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O16.2 Evidence, politics and cultures in policymaking: policy analysis of hpv vaccine introduction in india
  1. T Sathyanarayana1,
  2. S Hawkes2,
  3. M Shahmanesh3,
  4. R Laxminarayan4,
  5. GVS Murthy5
  1. 1Institute for Global Health-University College London and Public Health Foundation of India
  2. 2Institute for Global Health-University College London
  3. 3Institute of Epidemiology & Health, University College London
  4. 4Public Health Foundation of India
  5. 5Indian Institute of Public Health-H, Bangalore Campus


Introduction Despite India having the highest burden of cervical cancer globally, the HPV vaccine is not part of the routine immunisation programme. The decision process on HPV vaccine was put-off in 2010 shortly after a high profile vaccine demonstration trial was suspended when five girls died. Although the evidence that the deaths were linked to the vaccine is highly contested, nonetheless a political decision on HPV vaccine introduction differed. The purpose of the current study is to explore the political, socio-economic and cultural factors influencing the HPV policy decision in India. Evidence from the study may have implications for future vaccines targeting STIs in contested policy environments.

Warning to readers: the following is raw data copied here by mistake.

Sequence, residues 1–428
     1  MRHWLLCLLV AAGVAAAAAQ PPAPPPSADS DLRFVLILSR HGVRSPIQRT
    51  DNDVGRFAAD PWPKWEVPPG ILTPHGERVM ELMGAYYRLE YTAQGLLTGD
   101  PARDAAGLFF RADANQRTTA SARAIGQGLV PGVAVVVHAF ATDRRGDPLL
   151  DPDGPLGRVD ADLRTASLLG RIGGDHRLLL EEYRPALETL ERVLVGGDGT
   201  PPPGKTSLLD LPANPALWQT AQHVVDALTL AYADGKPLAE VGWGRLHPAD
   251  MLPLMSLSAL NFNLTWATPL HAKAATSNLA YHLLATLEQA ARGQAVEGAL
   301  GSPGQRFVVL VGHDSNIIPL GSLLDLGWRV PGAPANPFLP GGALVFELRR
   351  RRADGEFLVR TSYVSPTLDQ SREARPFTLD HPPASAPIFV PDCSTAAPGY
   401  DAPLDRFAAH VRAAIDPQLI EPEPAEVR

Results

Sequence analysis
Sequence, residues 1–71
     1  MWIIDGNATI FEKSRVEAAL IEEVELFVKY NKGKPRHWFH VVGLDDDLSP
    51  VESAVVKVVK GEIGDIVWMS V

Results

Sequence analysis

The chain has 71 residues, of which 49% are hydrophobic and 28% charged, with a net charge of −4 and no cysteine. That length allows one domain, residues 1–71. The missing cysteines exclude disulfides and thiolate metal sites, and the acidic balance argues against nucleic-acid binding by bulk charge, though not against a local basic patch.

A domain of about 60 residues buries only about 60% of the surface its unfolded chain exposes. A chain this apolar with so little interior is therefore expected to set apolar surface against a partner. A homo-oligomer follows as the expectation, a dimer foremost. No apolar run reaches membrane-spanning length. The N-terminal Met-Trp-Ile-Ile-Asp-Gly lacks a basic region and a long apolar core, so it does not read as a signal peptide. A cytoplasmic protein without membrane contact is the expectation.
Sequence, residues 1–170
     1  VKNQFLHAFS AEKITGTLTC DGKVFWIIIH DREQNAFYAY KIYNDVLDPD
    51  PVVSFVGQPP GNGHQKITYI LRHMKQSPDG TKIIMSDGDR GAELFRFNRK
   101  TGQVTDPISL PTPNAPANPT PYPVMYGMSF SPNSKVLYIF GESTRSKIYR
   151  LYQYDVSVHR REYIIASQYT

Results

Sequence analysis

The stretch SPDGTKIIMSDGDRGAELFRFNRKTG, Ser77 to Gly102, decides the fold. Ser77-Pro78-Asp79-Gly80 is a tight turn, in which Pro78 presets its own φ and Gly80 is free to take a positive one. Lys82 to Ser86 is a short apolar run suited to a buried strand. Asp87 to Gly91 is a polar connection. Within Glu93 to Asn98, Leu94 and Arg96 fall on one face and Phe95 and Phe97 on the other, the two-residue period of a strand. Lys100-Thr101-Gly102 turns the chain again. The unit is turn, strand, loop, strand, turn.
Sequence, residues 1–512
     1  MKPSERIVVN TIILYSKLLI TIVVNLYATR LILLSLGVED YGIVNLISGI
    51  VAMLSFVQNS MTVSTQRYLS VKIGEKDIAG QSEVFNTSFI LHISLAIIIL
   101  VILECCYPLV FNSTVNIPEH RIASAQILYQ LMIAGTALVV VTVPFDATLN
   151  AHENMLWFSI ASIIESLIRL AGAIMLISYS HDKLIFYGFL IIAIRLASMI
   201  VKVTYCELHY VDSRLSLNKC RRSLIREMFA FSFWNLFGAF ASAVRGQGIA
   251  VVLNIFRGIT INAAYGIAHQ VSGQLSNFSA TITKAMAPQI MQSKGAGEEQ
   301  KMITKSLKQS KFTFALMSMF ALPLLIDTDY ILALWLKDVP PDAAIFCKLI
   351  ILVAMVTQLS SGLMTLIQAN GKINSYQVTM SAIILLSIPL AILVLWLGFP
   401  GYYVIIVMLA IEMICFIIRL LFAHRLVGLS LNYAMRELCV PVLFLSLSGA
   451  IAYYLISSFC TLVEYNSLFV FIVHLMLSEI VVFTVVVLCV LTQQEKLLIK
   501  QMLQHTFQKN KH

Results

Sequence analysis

Methods We used qualitative methods for policy analysis based on primary data collection supplemented with in-depth documentary review. Semi-structured interviews were conducted with 46 participants including policy makers, health system actors and community based organisations at State and National level. We used the Gilson and Walt Health policy triangle framework to analyse the data.

Results Interim results have highlighted a number of features of the policy process in India, which may have influenced vaccine policy decision-making. These include: lack of adequate policy space for transparent discussion of concerns; strong suspicion of conflict of interest among researchers and international donors; mistrust of Government officials by civil society members; Government concerns around sustainable funding options; and a dearth of Government initiatives to promote culturally sensitive sexual health issues.

Conclusion The [non]-introduction of the HPV vaccine into the Indian policy landscape was influenced by a variety of factors including contested empirical evidence of safety and perceptions of institutional (particularly commercial) interests outweighing public health evidence. This study provides important lessons not only for the future introduction of HPV vaccine in India, but also for any other vaccines targeting STIs.

Disclosure of interest statement The study is funded by Wellcome Trust and the Public Health Foundation of India. No pharmaceutical grants were received for this research study.

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